Archive for October, 2009

Consumers more eco-friendly with incentives

PR NEWSWIRE

CVS/pharmacy launches GreenBagTag, shopper reward for passing on plastic bags. (PRNewsFoto)

I see many companies jumping on the green bandwagon, but those that offer incentives to its customers (instead of just advertising “greenness”) should be recognized for the financial commitment involved.  CVS Pharmacy is one such company.

CVS Pharmacy recently announced its GreenBagTag program, which encourages its customers to bring home their purchases in a recyclable bag (or no bag) instead of taking a single-use plastic bag from the store.  While customers also must be members of the company’s loyalty program, it still makes good sense to add another layer of incentive. Read the rest of this entry »

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Los Angeles Community Garden Council

FarmlabOn Saturday, I headed over to an event where community gardeners gathered to learn more about gardening and how they become a useful tool in their neighborhoods. Los Angeles Community Garden Council hosted the event at  Farmlab in Downtown.

A reoccurring topic at the event was the lack of access to fresh produce for those in low-income neighborhoods. Ironically, fast food restaurants have begun to accept EBT cards while some Farmers Markets are still struggling to accept the cards as a form of payment. The Electronic Benefits Transfer (EBT) card is the identification card for the Food Stamp Program.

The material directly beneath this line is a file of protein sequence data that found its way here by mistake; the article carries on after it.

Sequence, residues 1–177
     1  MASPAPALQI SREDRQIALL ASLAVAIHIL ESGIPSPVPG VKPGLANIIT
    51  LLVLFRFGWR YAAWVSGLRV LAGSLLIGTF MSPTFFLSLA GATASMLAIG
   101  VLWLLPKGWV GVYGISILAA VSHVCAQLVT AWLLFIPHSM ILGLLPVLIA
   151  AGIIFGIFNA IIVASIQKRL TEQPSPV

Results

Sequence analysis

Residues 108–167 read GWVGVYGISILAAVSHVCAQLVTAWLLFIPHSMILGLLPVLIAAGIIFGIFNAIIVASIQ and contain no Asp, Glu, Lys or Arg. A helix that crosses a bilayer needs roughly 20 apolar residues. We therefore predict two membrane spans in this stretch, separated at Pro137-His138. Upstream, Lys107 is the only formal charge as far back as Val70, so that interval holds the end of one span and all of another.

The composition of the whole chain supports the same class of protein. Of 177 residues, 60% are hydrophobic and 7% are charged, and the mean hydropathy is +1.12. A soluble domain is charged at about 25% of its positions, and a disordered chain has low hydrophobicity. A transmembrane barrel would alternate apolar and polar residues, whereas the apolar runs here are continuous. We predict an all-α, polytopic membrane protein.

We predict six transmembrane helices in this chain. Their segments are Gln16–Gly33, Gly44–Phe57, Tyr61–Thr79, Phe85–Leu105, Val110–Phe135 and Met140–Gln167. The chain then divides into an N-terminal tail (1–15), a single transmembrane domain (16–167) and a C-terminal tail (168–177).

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Wood-burning power plants burn me up

Photo by Denise Vastola

Photo by Denise Vastola

USA Today published an article, “Wood making comeback as power source,” several weeks ago.  It seems in 2007, there were eight wood-burning power plants and by the end of 2009, it is projected there will be more than 300.

Wood is considered a biofuel and, as such, a renewable source of energy. Yes, I suppose it’s renewable, if you wait long enough for a forest of trees to grow again, or if you harvest responsibly.

I am convinced, however, that the power plants popping up alongside wood mills and paper mills will soon be hungry for more than waste wood chips.  These plants may begin to devour more than scrap wood and go for the tastier trees that not only add beauty to our environment, but also help clean our air. Read the rest of this entry »

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The Impact of Community Gardens

Community Garden

Photo by Flatbush Gardener (via Flickr)

Aside from turning ugly empty lots into spaces full of life, community gardens have been credited with having a positive impact on their surrounding neighborhood. As I set out to find this data, I was meet with different points of view.

A study conducted by a research team from Texas State and Texas A&M Universities set out to find what kind of impact community gardens have on crime rates. The researchers collected and mapped crime rate data around the gardens and they also interviewed citizens. After gathering data, a comparison was made between community garden areas and areas randonmly selected in city areas that where within a 1-mile radius. Read the rest of this entry »

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Are most city dwellers too removed from their trash?